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Tests To Determine Stage And Grade

Bladder cancer is classified by stage and grade. The stage is determined by the cancer growth in the bladder wall and how far it has spread to nearby tissues and other organs, such as the lungs, the liver, or the bones. The grade of bladder cancer is determined by how the cancer cells look in comparison with normal bladder cells.

Your doctor finds out the stage and grade of your bladder cancer by gathering information from several tests, including:

  • Biopsies from the cystoscopy.
  • An intravenous pyelogram or CT urogram to look for a mass near the kidneys, ureters, or bladder.
  • Ultrasound or magnetic resonance imaging . These help find out if the cancer has spread to lymph nodes, the lungs, the liver, or other abdominal organs.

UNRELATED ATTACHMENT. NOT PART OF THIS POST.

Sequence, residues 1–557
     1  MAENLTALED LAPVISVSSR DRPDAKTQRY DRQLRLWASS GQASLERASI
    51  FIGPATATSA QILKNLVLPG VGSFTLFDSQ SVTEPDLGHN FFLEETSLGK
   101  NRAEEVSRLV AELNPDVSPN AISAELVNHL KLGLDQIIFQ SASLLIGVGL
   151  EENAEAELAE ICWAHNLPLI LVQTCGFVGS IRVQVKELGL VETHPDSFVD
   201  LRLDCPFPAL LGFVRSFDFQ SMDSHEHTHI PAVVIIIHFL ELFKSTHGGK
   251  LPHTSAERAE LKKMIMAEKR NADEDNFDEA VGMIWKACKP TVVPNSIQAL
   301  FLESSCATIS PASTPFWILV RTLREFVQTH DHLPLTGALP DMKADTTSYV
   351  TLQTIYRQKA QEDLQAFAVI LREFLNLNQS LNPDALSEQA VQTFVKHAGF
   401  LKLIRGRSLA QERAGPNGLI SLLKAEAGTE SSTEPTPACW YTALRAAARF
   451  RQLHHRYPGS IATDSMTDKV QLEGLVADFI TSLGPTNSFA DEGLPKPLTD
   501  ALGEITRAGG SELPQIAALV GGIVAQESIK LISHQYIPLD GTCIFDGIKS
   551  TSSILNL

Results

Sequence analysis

• CT scan. This finds out if the cancer has spread to other parts of the body.
  • Chest X-ray. This finds out if the cancer has spread to the lungs.
  • Bone scan. This finds out if the cancer has spread to the bones.

Knowing the stage and grade of your cancer is important in choosing the right treatments.

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What Is Stage 4 Bladder Cancer

Understanding Advanced Bladder Cancer

Receiving a diagnosis of stage 4 bladder cancer can feel overwhelming.

Stage 4 bladder cancer is the most advanced stage, and the prognosis is less promising than in earlier stages.

Many cancer treatments can be challenging. However, treatment can reduce or even eliminate your symptoms and help you live a longer, more comfortable life.

Its important to consider the pros and cons of treating stage 4 bladder cancer because treatments have side effects and risks.